Things I cannot accept is like the above. This is the tomb of the unknown soldier and a monument to Washington in Washington Square Park in Philadelphia. This is destruction that’s divisive. This location was actually one of the five original ideas for public parks/spaces drawn up by William Penn in his plans for Philadelphia.
As per USHistory.org this park at first wasn’t used as a park. It was used as a potter’s field. This started around 1706 and apparently continued for many decades.
By 1778 Washington Square was one of the last barracks for the thousands of soldiers who died in Philadelphia. It has been remarked by historians that while a lot of battles did not take place within the city a lot of dying of soldiers did. And these are the soldiers who were fighting for the freedoms that we enjoy today including our rights to assemble and protest.
📌“Those wounded in nearby battles, or those sick with disease would be brought to Philadelphia. Pennsylvania Hospital and the Bettering House for the Poor filled quickly. Churches became ad-hoc hospitals. And during the British occupation of Philadelphia in 1777, the Walnut Street Jail became a Dantesque vision of hell...In 1793, the square once again served as a mass graveyard — this time for wracked, malodorous victims of the 1793 Yellow Fever epidemic. Philadelphia was literally decimated by this epidemic: about 5,000 of Philadelphia’s 50,000 residents were taken by the Aedes mosquito. 📌- USHistory.org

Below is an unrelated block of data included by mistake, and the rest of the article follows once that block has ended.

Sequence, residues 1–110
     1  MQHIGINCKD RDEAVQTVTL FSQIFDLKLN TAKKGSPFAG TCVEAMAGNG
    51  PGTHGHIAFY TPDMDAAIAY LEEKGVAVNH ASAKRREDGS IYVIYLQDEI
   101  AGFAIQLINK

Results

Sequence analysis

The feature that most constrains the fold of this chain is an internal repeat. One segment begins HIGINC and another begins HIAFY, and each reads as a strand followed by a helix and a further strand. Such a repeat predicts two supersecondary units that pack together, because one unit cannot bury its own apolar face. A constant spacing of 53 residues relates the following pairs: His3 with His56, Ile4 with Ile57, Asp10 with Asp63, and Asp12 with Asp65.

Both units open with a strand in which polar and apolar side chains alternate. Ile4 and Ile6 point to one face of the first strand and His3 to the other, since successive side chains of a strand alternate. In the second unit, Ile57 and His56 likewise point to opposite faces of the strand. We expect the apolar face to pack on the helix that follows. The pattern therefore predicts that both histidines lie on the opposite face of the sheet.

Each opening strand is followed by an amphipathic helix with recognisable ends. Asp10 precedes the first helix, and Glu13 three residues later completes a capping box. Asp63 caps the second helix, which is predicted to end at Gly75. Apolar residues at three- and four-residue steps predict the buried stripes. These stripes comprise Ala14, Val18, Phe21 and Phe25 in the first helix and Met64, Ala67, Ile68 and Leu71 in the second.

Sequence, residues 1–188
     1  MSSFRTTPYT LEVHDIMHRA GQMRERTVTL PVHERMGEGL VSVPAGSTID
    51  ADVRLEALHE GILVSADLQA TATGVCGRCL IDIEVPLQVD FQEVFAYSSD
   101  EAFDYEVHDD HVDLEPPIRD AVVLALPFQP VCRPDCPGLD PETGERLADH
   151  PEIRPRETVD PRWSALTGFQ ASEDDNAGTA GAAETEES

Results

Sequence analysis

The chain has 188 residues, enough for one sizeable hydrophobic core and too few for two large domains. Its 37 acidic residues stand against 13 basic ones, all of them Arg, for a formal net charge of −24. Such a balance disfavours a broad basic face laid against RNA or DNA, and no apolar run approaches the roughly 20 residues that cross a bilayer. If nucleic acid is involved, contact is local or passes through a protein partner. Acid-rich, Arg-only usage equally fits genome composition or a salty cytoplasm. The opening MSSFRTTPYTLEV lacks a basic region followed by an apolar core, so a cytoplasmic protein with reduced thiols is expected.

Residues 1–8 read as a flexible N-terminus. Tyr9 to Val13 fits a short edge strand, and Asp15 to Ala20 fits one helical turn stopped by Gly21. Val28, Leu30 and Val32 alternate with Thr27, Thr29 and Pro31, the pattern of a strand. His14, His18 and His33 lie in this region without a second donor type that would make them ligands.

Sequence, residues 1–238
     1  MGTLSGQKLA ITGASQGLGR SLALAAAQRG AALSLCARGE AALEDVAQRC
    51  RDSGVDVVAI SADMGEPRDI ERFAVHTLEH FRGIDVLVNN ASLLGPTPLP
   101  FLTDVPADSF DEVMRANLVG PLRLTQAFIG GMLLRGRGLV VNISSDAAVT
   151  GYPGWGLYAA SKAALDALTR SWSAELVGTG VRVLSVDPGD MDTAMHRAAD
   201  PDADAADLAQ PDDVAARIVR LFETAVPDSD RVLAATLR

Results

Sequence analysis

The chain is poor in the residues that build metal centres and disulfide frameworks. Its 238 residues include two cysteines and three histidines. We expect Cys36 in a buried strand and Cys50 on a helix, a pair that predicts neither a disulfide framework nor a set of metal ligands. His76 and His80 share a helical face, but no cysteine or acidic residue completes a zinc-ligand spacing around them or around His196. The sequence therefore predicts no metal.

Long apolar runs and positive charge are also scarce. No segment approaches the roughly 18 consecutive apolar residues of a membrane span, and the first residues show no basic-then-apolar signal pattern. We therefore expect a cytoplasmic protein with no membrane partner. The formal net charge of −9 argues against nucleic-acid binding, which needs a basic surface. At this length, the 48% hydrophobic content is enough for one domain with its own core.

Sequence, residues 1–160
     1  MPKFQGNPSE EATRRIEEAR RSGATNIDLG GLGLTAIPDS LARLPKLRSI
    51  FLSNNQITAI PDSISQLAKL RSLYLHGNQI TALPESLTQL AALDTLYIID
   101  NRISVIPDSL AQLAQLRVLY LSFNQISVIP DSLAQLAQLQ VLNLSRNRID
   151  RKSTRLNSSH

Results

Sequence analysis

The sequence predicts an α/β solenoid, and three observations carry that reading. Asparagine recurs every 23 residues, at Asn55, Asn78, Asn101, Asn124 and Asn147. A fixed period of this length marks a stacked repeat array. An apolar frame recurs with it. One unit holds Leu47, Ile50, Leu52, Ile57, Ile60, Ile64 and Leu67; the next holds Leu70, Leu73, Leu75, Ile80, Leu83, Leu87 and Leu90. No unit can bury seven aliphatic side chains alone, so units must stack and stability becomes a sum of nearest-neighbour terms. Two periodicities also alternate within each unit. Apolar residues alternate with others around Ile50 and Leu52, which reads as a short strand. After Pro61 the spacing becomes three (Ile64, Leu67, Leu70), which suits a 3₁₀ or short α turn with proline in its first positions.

Into the 19th century, Washington Square stopped functioning as a cemetery and people started to look to make it what it was originally intended to be -a town square and park. 1825 it was renamed in the honor of George Washington who was the commander-in-chief of all those soldiers who laid buried underground in unmarked graves.
In 1954 a committee was formed for the betterment of Washington Square. apparently they did archaeological excavations and that is how they found their unknown soldier.
The tomb and monument were built and the statue of George Washington is a replica of Jean Antoine Houdon’s famous bronze sculpture of Washington. Sculpture was placed so that George Washington can forever gaze upon Independence Hall.
This memorial has many things carved into marble like “Freedom is a light for which many men have died in darkness”. There is an eternal flame, and on the tomb of the unknown soldier we were taught a school children what it said: “Beneath this stone rests a soldier of Washington’s army who died to give you liberty.“
I was born in 1964 and this park was 10 years old at the time. I spent a lot of my young years going with my mother and my father and then my baby sister to this park. Lots of kids were in this park and we were all representative of different races, creeds, and colors. We respected the history of this hallowed ground.
When I was little they were always things going on in this park. There were amazing used book sales and plant sales. I remember my mother filling up our little grocery shopping cart with bags of books one year!